Today, the International Association of Chiefs of Police (IACP) released a letter of opposition to the Concealed Carry Reciprocity Act (H.R. 38/S. 446)(H.R.38/S. 446). The letter was signed by 473 law enforcement agencies from 39 states who joined together to oppose this legislation that would dismantle state-level concealed carry permitting systems. The letter is found in its entirety here.
Statement by IACP President Louis M. Dekmar, Chief of the LaGrange, Georgia, Police Department:
“While I support Second Amendment rights for all law-abiding citizens, I strongly oppose to the Concealed Carry Reciprocity Act because it endangers the public and law enforcement. This legislation would override state laws that determine who is qualified to carry a concealed firearm—laws that take into account the distinctive circumstances and needs in each state. No state should be forced to accept a person carrying a concealed that does not meet the standards the state has set for its own citizens. This legislation, if passed, would severely interfere with local law enforcement’s ability to prevent gun violence and safeguard the public.”
Statement by Boston Commissioner William Evans:
“This bill would override state laws determining who is qualified to carry a loaded hidden gun – laws which take into account the unique circumstances and needs in each state– and would force states to allow individuals to carry guns who are not qualified to do so under their own laws,” said Commissioner Evans of the legislation. “During traffic stops and other interactions with the public, our officers would have to be familiar with 50 different state’s laws on conceal carry permitting. Given the split-second decisions our officers frequently need to make, this is nearly impossible and can foreseeably lead to violent confrontations. As law enforcement officers across the US, we oppose this dangerous threat to our officers and to public safety.”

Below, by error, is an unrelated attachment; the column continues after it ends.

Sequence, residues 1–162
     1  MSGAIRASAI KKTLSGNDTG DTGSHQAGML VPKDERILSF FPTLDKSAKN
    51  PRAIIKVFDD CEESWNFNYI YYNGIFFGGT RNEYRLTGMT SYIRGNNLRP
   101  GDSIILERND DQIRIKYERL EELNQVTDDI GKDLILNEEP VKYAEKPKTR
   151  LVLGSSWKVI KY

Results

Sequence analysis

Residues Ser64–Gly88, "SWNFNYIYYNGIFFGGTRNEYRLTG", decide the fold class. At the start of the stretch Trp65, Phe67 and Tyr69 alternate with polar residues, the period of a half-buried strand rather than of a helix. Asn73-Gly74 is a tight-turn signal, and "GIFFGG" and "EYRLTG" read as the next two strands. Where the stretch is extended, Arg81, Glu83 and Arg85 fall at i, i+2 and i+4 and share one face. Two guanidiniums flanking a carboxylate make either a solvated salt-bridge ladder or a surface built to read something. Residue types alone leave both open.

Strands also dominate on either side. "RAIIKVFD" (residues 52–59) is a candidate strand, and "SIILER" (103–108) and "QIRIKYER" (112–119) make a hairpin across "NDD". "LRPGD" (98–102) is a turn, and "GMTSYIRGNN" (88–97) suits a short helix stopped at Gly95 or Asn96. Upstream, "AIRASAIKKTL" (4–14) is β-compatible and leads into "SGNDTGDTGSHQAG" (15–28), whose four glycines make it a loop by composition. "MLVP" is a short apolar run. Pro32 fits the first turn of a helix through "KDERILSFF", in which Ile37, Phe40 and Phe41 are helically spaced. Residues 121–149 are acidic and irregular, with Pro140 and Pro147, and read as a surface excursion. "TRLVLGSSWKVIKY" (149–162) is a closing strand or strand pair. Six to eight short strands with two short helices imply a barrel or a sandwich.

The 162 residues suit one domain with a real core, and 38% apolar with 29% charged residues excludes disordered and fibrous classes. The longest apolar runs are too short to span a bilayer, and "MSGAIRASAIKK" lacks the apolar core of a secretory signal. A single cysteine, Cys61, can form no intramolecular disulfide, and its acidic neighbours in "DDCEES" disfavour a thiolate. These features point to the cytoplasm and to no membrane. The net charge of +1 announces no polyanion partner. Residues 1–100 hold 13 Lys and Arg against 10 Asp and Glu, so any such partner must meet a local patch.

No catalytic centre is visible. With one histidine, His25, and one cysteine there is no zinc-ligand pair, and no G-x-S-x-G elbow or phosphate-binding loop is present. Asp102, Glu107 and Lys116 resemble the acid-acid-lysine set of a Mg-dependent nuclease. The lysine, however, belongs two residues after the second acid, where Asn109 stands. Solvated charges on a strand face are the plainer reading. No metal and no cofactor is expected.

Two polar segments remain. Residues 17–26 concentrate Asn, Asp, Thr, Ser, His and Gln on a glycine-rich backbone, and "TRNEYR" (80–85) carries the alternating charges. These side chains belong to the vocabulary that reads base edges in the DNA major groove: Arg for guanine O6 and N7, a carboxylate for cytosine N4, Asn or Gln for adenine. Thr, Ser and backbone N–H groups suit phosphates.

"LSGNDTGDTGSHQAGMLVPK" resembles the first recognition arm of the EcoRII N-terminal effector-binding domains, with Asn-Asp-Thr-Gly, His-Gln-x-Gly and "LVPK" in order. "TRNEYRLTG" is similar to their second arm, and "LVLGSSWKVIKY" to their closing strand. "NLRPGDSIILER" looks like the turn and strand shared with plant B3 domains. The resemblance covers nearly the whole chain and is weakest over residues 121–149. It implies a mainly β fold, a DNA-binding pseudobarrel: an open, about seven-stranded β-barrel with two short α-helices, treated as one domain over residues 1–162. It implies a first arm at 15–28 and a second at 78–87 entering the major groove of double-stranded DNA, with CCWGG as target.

Statement by Houston Police Chief Art Acevedo:
“The federal Conceal Carry law would override carefully crafted state laws, which vary widely in their standards, and reduce the country to the least common denominator for safety. Not all states require background checks or safety training. Some states don’t require carriers to have a permit at all, and some allow people convicted of violent misdemeanors to carry weapons. States must retain the ability to legislate concealed carry laws that best fit the needs of their communities. Texans have a history of responsible gun ownership, strongly believe in states’ rights, and deserve to not be forced to accept permits holders from states that don’t have our proven processes.”
Statement by Springfield, MO Police Chief Paul Williams:
“The Concealed Carry Reciprocity Act is simply a bad idea. The United States of America, lest we forget, is a Union of States. Each State has a responsibility to its residents to enact laws reflecting the views of their residents, and not those of another State. There is already CCW reciprocity between states that agree with each other on this issue; but forcing other states, who are not like minded, to honor that agreement is not the role of the Federal government, or in the best interests of ALL citizens. Although we had a very well designed and functioning CCW permitting process in Missouri, in 2016 our legislature voted to allow anyone to carry a concealed handgun, without a permit, without training, and without requiring a background check. That may well be the will of Missourians, but I dare say it is not something that would be universally accepted across the country.”
Statement by Atlanta Police Chief Erika Shields:
“Given the recent series of mass shootings, the last thing we need to do is make it easier for people to carry concealed weapons across state lines. This law makes no sense if our goal is to reduce deaths from gun violence.”
Law enforcement officers interested in adding their voice to this national effort may sign on to the letter of opposition here: http://bit.ly/IACPOpposesCCR.